Bhutan

Memorable Trek up to Tiger’s Nest and down

Excited by the thought of the long awaited Trek I was up before the Mighty Sun. I couldn’t wait so I set off to where my guide waited and since dawn is the perfect time to start your trek to spend some precious time up there. Finally there it was a streak of silver somewhere in the middle of darkness, which soon gave way to vibrant gold aura and the most amazing view of the Tiger’s Nest was right there inviting and energizing us to come, experience the blessing.

10 km north of Paro was where we had to start. We took a long, deep breath and took our first steps. It seemed too good to be true but the fresh, chilly breeze hit me as if to remind that it was indeed real. The women were just setting up their shops and so were the refreshment stalls being set up. The horses were also just being fed. As we moved further up the path was mostly rocky with boulders around. Tall pine and cypress trees stood on both sides of the path as if to welcome us. The trees were filled with birds which were chirping endlessly, this completed the awesomeness of the moment as it couldn’t have been any better.

The path narrowed as we moved further, the rocks were dusty and slippery, I had to be careful taking each step but the guide kept me entertained with intriguing stories of the monastery, tourists and other things.

Tiger’s Nest is also known by the name of Paro Taktsang and is the most sacred shrine of Bhutan. The monastery is dedicated to Padmasambhava, who introduced Buddhism in Bhutan. Stories from the past say that Guru Padmasambhava fought and controlled a demon in those mountains and established himself there only and was later worshipped It was only after 9 centuries that the monastery was built. It hangs at the side of a rock mountain at 3100 m.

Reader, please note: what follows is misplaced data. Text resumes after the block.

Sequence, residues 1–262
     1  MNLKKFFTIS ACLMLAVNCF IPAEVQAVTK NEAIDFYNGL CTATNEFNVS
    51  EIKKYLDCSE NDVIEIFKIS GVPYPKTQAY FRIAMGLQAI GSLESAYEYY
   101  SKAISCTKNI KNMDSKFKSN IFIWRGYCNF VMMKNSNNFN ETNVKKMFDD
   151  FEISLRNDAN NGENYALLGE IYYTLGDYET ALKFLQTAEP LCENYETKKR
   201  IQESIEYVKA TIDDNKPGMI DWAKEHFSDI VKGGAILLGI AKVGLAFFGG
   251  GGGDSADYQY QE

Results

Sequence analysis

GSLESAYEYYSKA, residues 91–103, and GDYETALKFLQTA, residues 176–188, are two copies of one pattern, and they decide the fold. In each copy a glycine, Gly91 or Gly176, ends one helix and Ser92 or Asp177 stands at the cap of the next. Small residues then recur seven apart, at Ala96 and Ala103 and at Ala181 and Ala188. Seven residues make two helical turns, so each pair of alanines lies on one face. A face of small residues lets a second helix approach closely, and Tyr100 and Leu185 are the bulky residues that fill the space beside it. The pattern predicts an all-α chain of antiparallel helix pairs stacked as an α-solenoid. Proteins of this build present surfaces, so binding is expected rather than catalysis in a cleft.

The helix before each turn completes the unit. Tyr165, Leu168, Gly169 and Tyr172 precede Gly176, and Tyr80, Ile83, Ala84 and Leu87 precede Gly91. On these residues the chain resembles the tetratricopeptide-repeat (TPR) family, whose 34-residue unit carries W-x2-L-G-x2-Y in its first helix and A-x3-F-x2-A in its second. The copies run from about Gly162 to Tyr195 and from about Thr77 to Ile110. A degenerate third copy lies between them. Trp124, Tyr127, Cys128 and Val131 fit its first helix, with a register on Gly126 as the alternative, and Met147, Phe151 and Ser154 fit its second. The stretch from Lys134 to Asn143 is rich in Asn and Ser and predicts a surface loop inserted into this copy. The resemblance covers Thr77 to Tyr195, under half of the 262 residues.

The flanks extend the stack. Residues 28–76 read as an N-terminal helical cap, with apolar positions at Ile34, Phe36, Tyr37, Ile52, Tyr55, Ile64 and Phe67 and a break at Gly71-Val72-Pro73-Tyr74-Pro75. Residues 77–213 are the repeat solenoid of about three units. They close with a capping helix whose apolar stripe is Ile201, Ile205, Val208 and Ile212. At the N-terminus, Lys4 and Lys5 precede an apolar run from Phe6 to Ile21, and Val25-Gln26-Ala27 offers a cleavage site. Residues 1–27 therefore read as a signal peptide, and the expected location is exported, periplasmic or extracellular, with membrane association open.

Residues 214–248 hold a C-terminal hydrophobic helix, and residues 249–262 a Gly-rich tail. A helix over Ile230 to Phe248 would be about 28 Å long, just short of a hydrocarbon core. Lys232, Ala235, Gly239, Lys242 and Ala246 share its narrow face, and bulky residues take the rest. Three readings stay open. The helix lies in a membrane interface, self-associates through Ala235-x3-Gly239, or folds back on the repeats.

It normally takes 3-4 hours to reach up and come back but I am sure I took more than that. I proceeded gradually huffing and puffing but with increase in altitude the beauty of the scenery around was also getting extremely picturesque, so the challenging trek does have equivalent rewards after all. There were two major stops, one in a tea house which was said to be the half way and the 2nd one was in a view point, which was directly opposite to the monastery. The horses did not come beyond the 1st stop. After that there was another challenge and perhaps the most challenging of all. There were two flights of steps, one down the ravine and another up to the mountain. I was literally numb, my feet could not move any further but then my desire recollected all my strength and the guide was helpful enough to keep encouraging me and conquered the never ending steps.

I was finally up there but collapsed with fatigue. It took me a moment to catch my breath but soon I was up on my feet and I just couldn’t believe I was there at the top, right in the monastery. The ambience was just divine. There were number of different sized shrines. The interiors were interconnected with wooden ladders. The cave where Guru Padmasambhava meditated was colorful and full of paintings and morals. There were beautiful golden statues and butter lamps. It was amazingly silent in there which still said so much, only an occasional ringing of bells and the chants of the devotees could be heard. Breath taking view of greens of valleys, mountains and hills could be enjoyed from outside the monastery.

It was time to head down and I was ready, as the reward at the end of the killing uphill climb was too beautiful. With a happy heart we climbed down, it was not that challenging, only after the viewpoint, the path was a little steep and slippery and we had to be careful. By the time we reached down the market was in full swing, noisy and colorful as the women were giving their best to attract customers and trying to sell a plethora of souvenirs, trinkets and Bhutanese handicrafts.

Categories: Bhutan

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